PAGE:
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Disgruntled Employees and How to Make Them Gruntled

5 easy ways to flip your employees back to gruntled

Yes, I did have to google if gruntled really was a word. It is and it’s a good thing. We want to work as hard as we can to have a gruntled staff. Disgruntled staffing is a real problem! Disgruntled employees are not happy, satisfied or very productive. Why would they be? They’re disgruntled!

How do you deal with an unhappy, disengaged, unproductive or combative employee? Truth be told, there is not one recipe to fix everyone’s problems, but as a restaurant leader, it is your job to figure out how to keep your staff happy and gainfully employed! Here are 5 easy ways to flip your employees back to gruntled.


People speak for a reason. Home life, social life, hobbies, sleep, diet and work are very difficult to keep balanced. When your employees have imbalances in any of those, it can affect their performance, and as a leader, it is your job to help them. And I know what you are thinking, and you are right, you aren’t their counselor or therapist but listening and trying to understand their perspective is imperative for a harmonious work environment.


It is okay to be a little short-handed for a shift for a short while. Obviously, this is not something that should be a normal occurrence, and if it is, you will need to address that with disciplinary action as necessary. However, if you have an employee that is a solid performer that is crushing it all of the time in their role but just seem super off, this may be a time to give a little slack. Some employees prefer to work through their stress, but others need some time to themselves and feel such a sense of duty that they won’t ask for the time off for themselves. This is a delicate balance but is easiest to do when you spend time with and around your employees. Constant turnover and lack of engagement are symptoms of not knowing your employees.


Go grab a coffee or a quick lunch once in a while with an employee. As a leader, ensure that you have proper boundaries — as a 2am cocktail in a hotel lobby is probably a poor decision.You could call it something like “coffee (or lunch) with Nate” (or insert your name if you would rather not have me meet your staff and treat us to coffee and/or lunch) and make sure all employees get to experience it. Spread word that you are available for comfortable chats to humanize your employees outside of their work setting. When people are at work, they are literally working to perform a role that they are paid for. When people are outside of work, they naturally feel more at ease because their presence isn’t tied to a dollar sign. Enrich your community by going to different local experiences and meeting more neighbors.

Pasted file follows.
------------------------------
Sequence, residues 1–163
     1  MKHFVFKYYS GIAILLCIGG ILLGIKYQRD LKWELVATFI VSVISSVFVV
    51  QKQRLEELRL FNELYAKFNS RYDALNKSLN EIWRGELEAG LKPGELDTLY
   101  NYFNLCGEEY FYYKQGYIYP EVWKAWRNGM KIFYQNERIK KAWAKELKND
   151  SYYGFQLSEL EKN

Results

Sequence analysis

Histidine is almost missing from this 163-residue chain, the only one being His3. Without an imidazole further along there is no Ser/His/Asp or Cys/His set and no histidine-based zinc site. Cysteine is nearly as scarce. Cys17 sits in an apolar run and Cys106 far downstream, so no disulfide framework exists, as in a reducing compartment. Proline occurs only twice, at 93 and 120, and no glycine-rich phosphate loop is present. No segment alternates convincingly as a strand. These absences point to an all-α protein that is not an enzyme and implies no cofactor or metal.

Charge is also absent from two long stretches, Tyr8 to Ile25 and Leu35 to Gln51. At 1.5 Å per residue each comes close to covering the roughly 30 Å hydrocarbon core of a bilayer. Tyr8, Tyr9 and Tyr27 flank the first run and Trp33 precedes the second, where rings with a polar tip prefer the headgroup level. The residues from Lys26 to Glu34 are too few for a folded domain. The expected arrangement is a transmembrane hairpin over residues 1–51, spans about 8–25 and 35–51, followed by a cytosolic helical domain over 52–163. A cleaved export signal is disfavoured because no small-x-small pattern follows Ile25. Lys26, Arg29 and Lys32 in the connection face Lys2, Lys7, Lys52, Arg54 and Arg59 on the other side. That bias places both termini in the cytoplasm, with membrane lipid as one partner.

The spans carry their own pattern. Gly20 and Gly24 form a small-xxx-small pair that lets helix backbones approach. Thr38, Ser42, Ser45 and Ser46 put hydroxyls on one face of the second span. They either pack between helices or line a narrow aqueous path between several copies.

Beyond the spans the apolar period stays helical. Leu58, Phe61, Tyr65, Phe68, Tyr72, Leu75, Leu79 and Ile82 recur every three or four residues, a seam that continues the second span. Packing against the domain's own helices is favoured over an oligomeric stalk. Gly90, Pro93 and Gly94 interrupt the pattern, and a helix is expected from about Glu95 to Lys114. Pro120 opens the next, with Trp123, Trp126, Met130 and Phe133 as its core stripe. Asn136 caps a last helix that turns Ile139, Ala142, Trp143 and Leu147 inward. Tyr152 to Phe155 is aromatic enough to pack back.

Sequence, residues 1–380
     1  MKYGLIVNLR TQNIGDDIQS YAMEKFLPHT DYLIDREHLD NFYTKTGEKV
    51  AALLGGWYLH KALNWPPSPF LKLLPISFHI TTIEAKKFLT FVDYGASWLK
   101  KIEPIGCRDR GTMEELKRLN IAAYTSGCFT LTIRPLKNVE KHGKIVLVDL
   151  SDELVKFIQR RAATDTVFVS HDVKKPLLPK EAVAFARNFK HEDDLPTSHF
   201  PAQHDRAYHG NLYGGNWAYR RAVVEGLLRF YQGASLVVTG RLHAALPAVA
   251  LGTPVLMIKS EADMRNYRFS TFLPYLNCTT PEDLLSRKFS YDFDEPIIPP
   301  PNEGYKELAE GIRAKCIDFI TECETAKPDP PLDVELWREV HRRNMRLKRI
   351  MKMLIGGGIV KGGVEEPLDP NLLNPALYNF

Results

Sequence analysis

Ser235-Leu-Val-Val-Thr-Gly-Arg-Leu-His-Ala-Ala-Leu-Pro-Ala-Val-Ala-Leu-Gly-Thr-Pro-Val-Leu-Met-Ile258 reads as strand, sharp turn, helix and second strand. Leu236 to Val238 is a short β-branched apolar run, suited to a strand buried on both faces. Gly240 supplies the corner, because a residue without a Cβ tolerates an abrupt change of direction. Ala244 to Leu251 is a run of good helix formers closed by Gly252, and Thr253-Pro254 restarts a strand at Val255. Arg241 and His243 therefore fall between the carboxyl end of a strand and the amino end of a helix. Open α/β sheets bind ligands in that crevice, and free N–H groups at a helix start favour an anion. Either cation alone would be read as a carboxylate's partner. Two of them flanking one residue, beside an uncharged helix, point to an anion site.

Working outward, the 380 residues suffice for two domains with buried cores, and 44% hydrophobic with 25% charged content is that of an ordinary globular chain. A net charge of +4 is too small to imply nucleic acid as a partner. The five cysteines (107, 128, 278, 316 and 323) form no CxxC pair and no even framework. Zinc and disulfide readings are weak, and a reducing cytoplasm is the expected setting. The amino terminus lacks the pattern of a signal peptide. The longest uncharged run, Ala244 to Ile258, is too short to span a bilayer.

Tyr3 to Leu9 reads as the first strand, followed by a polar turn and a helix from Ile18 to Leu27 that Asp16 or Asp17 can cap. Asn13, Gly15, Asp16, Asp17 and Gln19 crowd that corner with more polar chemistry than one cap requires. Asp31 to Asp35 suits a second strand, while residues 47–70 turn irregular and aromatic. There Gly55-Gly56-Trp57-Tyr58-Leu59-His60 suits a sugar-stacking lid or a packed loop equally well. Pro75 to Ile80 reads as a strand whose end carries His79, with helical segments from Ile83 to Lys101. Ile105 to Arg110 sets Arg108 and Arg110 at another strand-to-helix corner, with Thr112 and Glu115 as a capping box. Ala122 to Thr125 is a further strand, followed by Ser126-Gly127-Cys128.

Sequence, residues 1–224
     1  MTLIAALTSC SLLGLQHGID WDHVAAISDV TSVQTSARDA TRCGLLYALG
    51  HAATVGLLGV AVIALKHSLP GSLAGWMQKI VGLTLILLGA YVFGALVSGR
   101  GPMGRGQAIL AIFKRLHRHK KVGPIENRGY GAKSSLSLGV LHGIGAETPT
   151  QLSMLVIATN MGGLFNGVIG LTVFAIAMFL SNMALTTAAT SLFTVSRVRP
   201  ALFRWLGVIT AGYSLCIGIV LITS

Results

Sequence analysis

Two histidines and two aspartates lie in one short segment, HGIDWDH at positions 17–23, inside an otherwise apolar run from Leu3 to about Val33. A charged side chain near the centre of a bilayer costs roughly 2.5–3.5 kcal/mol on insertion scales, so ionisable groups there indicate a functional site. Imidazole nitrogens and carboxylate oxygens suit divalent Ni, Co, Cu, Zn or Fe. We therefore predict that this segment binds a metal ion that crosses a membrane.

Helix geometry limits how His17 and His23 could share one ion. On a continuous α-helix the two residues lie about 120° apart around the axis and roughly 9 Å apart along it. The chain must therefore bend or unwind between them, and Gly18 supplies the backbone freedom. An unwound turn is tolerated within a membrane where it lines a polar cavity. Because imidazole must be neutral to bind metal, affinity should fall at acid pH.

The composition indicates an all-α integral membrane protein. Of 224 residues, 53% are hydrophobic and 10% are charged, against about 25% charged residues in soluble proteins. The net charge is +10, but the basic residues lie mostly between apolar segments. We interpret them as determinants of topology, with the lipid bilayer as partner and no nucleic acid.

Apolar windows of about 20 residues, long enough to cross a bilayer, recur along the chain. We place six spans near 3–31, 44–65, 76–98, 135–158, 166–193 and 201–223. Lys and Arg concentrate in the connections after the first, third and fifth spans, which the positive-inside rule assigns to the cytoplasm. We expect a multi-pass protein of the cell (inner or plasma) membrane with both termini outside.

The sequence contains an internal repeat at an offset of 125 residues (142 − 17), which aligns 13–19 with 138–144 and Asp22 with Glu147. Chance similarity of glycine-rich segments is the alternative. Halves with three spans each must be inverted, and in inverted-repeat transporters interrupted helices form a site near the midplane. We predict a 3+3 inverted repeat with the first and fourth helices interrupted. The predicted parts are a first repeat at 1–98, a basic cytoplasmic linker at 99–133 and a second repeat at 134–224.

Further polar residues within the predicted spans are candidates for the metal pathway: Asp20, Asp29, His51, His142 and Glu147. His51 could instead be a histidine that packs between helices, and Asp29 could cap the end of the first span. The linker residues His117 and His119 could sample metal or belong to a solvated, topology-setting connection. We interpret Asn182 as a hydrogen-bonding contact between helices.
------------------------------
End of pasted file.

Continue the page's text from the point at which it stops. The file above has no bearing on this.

Talk is cheap. Action is expensive in comparison but the dollar price can be negligible. Invest in the conversations that you have with your employees and follow through. If an employee is complaining, figure out why and address it. There is nothing more frustrating that constantly requesting a change and only getting lip-service. One of many reasons that I left a job once was because of this frustration. I was working for a large company doing a customer service role and one of the websites we were listed on had an incorrect phone number. I spent a year-and-a-half trying to chase down who could help me fix it. I didn’t have the same of like Liam Neesan in Taken but every couple of weeks I would give it a go to always end up with similar roadblocks. I went up every channel possible through my work environment. I discussed it with coworkers who had spent years at the company. I brought it up several times to direct and indirect supervisors and even had several meetings with a few tech people in different countries. As this was just one website of many listing our phone number, no one seemed to have it as a priority except me. I needed more leaders involved to help me make that change! Be that leader to your employees.


I can’t stress this enough. You need to listen to your employees. Without great employees, you do not have a great business. You can’t have great employees if they are disgruntled. Conversations are how we communicate best and most employees (and humans) are very guarded with their words. It will take time to find how best to communicate with them. Practice, practice, practice.  Too many owners and restaurant leaders have lost their ability to listen to their employees because a 75% yearly turnover rate makes that a tiresome experience to repeat with new humans. The more you listen, the less time you will have to spend learning new names with different personalities because they will stay around. People don’t leave jobs; they leave poor leadership.


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